“Twinkle, Twinkle” by Colin Henchley
“Fragile Fathers, Shattered Sons” by Kurt Kirchmeier
“Grass Can Be Weeds Too” by Craig Saunders
“The Entire City” by Mike O’Driscoll
“Rotgut” by D.T. Neal
“Homeward Journey” by Frank W. Haubold, translated by Wilf James
Reviewed by Steve Fahnestalk
From Dublin, Ireland, comes a nice magazine called Albedo One (or 1), with a stylish, glossy, four-color cover by Spanish artist Enaer. Besides the stories, it contains a heavily (b/w) illustrated interview with Paul Di Filippo (illustrated by Di Filippo himself with “envelope art” pasteups) and a very good book review column.
I may be biased, but it seems that semiprozines coming from outside North America have a certain richness in content that’s sometimes missing in our magazines. Each of the stories in this magazine is at least a little better than competently written; if it weren’t for the fact that one of them isn’t even a genre story, I’d give the editors 5 out of 6 points. But there are viewpoints and ideas here that I feel you don’t normally see in our magazines. Fact is, for many NA magazines, I feel as if the stories are written on the level of, say, a TV or movie tie-in; they roll right along, they’re well written, they involve you at some level, and they’re not entirely memorable. This is not meant to be a slam at either tie-in writers or NA writers and editors in general; it’s not meant to be a slam at all.
But when I read some of these stories, I have to work at them. They don’t yield their secrets easily, but the reward, for me, is greater than from reading more accessible works. And, as in the TV series Torchwood, it seems that British and European writers understand the Cold Equations better than most North Americans.
“Twinkle, Twinkle” by Colin Henchley takes us back to the firebombing of Dresden in 1945. You’ve probably read Vonnegut and know what I’m referring to; the Allies were supposed to be wiping out factories and war materiel, but in fact even though Dresden was one of the few unbombed cities in Germany, they probably didn’t contribute much to the war (Dresden was known for its china figurines, for one thing). Three thousand tons of bombs in three waves of bombings created a firestorm so fierce that there was little left of the city when the firestorm burnt out. It remains only a little less controversial a bombing than those of Hiroshima and Nagasaki.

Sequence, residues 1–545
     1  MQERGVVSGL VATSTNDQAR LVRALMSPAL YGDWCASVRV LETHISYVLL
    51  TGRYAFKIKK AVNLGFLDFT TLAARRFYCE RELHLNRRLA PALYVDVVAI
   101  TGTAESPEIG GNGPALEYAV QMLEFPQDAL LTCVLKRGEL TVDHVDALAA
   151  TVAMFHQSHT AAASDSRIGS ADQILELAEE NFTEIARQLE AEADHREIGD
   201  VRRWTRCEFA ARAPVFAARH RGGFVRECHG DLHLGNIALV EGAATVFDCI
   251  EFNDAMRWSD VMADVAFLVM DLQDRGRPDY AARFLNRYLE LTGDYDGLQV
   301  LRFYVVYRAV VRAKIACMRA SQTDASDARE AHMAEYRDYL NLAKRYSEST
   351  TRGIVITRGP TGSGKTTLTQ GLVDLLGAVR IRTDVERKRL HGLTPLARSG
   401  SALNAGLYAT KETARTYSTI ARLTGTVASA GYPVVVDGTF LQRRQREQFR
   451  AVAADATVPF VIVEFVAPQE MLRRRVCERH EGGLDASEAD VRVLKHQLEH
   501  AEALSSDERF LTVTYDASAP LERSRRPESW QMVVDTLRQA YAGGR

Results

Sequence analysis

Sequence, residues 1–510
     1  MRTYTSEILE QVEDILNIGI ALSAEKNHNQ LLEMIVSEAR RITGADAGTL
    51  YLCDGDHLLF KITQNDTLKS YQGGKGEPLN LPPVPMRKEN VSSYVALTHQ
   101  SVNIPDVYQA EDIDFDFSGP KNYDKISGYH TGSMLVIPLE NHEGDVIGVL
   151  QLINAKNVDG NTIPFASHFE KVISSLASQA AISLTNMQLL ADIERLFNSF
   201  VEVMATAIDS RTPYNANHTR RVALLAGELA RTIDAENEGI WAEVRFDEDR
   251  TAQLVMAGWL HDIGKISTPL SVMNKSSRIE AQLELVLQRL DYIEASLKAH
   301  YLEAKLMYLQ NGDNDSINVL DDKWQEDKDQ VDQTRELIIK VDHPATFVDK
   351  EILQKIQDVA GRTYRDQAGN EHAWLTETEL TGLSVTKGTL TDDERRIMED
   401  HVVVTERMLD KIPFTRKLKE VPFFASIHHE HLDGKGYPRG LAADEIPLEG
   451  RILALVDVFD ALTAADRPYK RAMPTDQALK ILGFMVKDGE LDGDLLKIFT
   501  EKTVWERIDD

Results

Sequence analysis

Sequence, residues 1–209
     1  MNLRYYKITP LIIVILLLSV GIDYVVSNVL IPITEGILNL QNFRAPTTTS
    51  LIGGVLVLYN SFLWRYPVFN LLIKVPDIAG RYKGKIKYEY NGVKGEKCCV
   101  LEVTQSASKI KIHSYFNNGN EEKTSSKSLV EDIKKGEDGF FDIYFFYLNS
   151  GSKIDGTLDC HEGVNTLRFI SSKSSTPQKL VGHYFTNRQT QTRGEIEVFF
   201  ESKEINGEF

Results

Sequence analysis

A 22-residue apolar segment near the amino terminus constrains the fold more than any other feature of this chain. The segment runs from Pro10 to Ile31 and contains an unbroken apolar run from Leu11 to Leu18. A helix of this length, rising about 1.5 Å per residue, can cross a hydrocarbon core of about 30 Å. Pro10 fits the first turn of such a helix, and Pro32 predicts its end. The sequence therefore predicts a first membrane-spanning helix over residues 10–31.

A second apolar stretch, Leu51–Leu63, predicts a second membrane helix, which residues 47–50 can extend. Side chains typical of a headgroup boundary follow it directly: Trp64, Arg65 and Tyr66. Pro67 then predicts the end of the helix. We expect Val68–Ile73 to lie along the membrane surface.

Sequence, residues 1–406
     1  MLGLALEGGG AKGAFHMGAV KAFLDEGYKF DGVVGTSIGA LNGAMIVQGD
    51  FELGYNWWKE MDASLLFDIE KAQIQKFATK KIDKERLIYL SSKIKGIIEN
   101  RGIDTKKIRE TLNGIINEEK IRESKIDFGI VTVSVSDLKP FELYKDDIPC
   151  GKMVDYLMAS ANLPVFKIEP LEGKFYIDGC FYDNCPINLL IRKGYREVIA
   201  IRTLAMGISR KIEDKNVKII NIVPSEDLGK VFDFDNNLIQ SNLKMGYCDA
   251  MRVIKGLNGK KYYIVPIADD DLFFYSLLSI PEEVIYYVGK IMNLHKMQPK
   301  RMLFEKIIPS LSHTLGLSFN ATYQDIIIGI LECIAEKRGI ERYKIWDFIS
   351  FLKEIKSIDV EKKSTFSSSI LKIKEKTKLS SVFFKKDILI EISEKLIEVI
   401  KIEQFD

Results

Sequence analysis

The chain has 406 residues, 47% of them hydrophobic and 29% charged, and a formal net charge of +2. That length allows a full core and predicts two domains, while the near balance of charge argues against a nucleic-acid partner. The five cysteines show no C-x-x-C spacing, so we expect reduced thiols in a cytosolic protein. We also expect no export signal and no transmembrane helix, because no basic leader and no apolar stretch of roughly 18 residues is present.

This story takes the side that it was an evil act and, since evil creates evil, something fierce came out of Dresden and attacked the crew of the Betty, a Lancaster bomber (the Brits used Lancasters, the Americans used B-17 “Flying Fortresses”). What happened to the crew of the Betty after the bombing and after the war is the story. Plausible? Not for me. Well written? You bet. And the ending hides a kicker, too.
“Fragile Fathers, Shattered Sons” by Kurt Kirchmeier is a darned good story. What if men were drafted into a war that took their spirits but left their bodies transformed into some kind of glass. Only if the men return from the “other side” do their bodies retransform into flesh. And we don’t know who’s doing the drafting, and there’s no way to stop it from happening.
The story’s unnamed protagonist is ten when his father is drafted at the supper table, and he and his brother and their mother have to watch helplessly as he changes into glass. But what if there’s a way to stop the drafting, even if it’s at a great cost? Kirchmeyer is a Canadian writer, and he’s a good one.
“Grass Can Be Weeds Too” by Craig Saunders puzzled me. It’s not a genre story; it’s well written, but why is it here? It’s a story of a woman who weeds her garden, even in the rain. And maybe it should have been published in Alfred Hitchcock’s Magazine (or Ellery Queen’s Mystery Magazine) instead of here. But then again, perhaps Albedo One’s editors just want quality writing even if it’s not genre.
“The Entire City” by Mike O’Driscoll, is a real gem. It’s moody, and layered and mysterious and by one of Albedo’s many editors. It’s like a SFnal take on film noir, set in a mysterious place called Provenance. Reminds me in a way of Lethem’s Gun, With Occasional Music, but not really, as this is much darker.
In a town called Provenance, a floozie named Darla and men named Snow, Thingstable, Firstnighter and Escovedo are involved in a 5-sided triangle involving sex, booze, murder and mayhem and a complicated dance that moves between a bar named El Camino, a hotel and the trunk of somebody’s Nissan. Who’s in the trunk? Is it Snow? Hector Escovedo?
Who paid whom to kill who? Who gets to leave Provenance forever? It’s something you’ll need to read several times and probably never will be sure about, but it’s worth the time spent.*
“Rotgut” by D.T. Neal is weird. A man on a train blows up. No, he’s not a terrorist, he’s been infected or infested. I can’t say a whole lot more without spoiling the story, and I don’t want to do that. I liked it, in a morbid sort of way.
“Homeward Journey,” by Frank W. Haubold, translated by Wilf James, kind of disappointed me. I liked the writing, which was originally in German. The characters are well drawn and the situation well set up, but I can’t tell you why I was disappointed without spoiling the story. You might like it better than I, but all I can say is that as opposed to most of the stories in this issue, this is a “feelgood” kind of ending. And I don’t feel it was especially SFnal in its conclusion, more like fantasy. Again, without spoilers, it’s hard to tell you what I think is wrong with it.
All in all, though, I’d say you should definitely look up Albedo One for your reading pleasure.
*In spite of the fact that Driscoll, like Jim Butcher, doesn’t know the difference between “lying” and “laying”: “…she dreamed she had pennies laying on her eyes.” Come on, kids, it’s not rocket science: “lay” takes an object.